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Meaning of ENGLISH

Pronunciation:  'ingglish

 
WordNet Dictionary
 
 Definition: 
  1. [n]  the discipline that studies the English language and literature
  2. [n]  an Indo-European language belonging to the West Germanic branch; the official language of Britain and the US and most of the Commonwealth countries
  3. [n]  (sports) the spin given to a ball by striking it on one side or releasing it with a sharp twist
  4. [n]  the people of England
  5. [adj]  of or relating to or characteristic of England or its culture; "English histry"; "the English landed aristocracy"; "English literature"
 

ENGLISH is a 7 letter word that starts with E.

 

 Synonyms: English language, English people, side, the English
 
 See Also: a people, American, American English, American language, Anglo-Saxon, arts, cockney, country, humanistic discipline, humanities, King's English, land, liberal arts, Middle English, Modern English, nation, Old English, Oxford English, Scots, Scots English, Scottish, spin, West Germanic, West Germanic language

 

 

Webster's 1913 Dictionary
 
 Definition: 
  1. \Eng"lish\, a. [AS. Englisc, fr. Engle, Angle, Engles,
    Angles, a tribe of Germans from the southeast of Sleswick, in
    Denmark, who settled in Britain and gave it the name of
    England. Cf. {Anglican}.]
    Of or pertaining to England, or to its inhabitants, or to the
    present so-called Anglo-Saxon race.
    
    {English bond} (Arch.) See 1st {Bond}, n., 8.
    
    {English breakfast tea}. See {Congou}.
    
    {English horn}. (Mus.) See {Corno Inglese}.
    
    {English walnut}. (Bot.) See under {Walnut}.
    
    
  2. \Eng"lish\, n.
    1. Collectively, the people of England; English people or
       persons.
    
    2. The language of England or of the English nation, and of
       their descendants in America, India, and other countries.
    
    Note: The English language has been variously divided into
          periods by different writers. In the division most
          commonly recognized, the first period dates from about
          450 to 1150. This is the period of full inflection, and
          is called Anglo-Saxon, or, by many recent writers, Old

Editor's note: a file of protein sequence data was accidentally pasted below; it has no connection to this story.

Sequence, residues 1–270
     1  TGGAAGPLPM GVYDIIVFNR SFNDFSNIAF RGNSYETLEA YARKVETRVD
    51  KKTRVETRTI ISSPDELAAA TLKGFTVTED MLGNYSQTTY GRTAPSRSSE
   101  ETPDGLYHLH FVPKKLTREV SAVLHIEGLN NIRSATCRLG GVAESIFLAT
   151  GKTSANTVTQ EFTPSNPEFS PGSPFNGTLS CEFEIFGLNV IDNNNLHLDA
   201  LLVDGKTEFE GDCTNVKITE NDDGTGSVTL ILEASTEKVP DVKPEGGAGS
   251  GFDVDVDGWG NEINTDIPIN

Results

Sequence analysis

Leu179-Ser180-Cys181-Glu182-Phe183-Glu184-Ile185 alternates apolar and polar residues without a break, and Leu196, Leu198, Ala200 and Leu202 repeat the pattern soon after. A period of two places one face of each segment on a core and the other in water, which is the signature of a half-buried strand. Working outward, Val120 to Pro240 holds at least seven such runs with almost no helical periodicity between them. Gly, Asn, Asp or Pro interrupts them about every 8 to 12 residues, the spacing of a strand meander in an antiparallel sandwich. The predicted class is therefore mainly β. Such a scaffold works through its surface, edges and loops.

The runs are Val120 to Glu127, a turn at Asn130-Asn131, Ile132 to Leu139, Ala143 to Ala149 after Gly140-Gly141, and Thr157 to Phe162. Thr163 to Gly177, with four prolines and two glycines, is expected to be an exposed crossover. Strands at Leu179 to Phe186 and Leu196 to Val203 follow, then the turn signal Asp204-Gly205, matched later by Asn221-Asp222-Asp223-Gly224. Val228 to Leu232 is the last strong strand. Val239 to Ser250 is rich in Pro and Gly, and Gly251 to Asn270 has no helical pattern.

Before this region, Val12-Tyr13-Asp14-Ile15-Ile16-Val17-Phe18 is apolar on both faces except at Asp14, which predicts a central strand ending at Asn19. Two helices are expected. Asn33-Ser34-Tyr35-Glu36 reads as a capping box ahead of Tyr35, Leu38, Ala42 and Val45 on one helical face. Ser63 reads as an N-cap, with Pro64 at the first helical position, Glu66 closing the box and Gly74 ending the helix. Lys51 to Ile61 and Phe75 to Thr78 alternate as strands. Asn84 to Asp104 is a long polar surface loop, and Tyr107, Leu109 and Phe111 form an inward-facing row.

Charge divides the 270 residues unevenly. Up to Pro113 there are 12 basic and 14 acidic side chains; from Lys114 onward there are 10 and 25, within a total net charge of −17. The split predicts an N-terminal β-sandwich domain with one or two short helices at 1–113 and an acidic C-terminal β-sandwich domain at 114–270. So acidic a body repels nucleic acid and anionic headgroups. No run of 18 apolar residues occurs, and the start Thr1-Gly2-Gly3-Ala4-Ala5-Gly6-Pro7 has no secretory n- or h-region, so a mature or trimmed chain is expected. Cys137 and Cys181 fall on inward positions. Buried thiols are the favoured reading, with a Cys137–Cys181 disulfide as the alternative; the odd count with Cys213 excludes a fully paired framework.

English. The second period dates from about 1150 to
          1550 (or, if four periods be recognized, from about
          1150 to 1350), and is called Early English, Middle
          English, or more commonly (as in the usage of this
          book), Old English. During this period most of the
          inflections were dropped, and there was a great
          addition of French words to the language. The third
          period extends from about 1350 to 1550, and is Middle
          English. During this period orthography became
          comparatively fixed. The last period, from about 1550,
          is called Modern English.
    
    3. A kind of printing type, in size between Pica and Great
       Primer. See {Type}.
    
    Note: The type called English.
    
    4. (Billiards) A twist or spinning motion given to a ball in
       striking it that influences the direction it will take
       after touching a cushion or another ball.
    
    {The} {King's, or Queen's}, {English}. See under {King}.
    
    
  3. \Eng"lish\, v. t. [imp. & p. p. {Englished}; p. pr. &
    vb. n. {Englishing}.]
    1. To translate into the English language; to Anglicize;
       hence, to interpret; to explain.
    
             Those gracious acts . . . may be Englished more
             properly, acts of fear and dissimulation. --Milton.
    
             Caxton does not care to alter the French forms and
             words in the book which he was Englishing. --T. L.
                                                   K. Oliphant.
    
    2. (Billiards) To strike (the cue ball) in such a manner as
       to give it in addition to its forward motion a spinning
       motion, that influences its direction after impact on
       another ball or the cushion. [U.S.]
    
    
 
Computing Dictionary
 
 Definition: 

1. (Obsolete) The source code for a program, which may be in any language, as opposed to the linkable or executable binary produced from it by a compiler. The idea behind the term is that to a real hacker, a program written in his favourite programming language is at least as readable as English. Usage: mostly by old-time hackers, though recognisable in context.

2. The official name of the database language used by the pick operating system, actually a sort of crufty, brain-damaged sql with delusions of grandeur. The name permits marketroids to say "Yes, and you can program our computers in English!" to ignorant suits without quite running afoul of the truth-in-advertising laws.

["Exploring the Pick Operating System", J.E. Sisk et al, Hayden 1986].

[jargon file]

 
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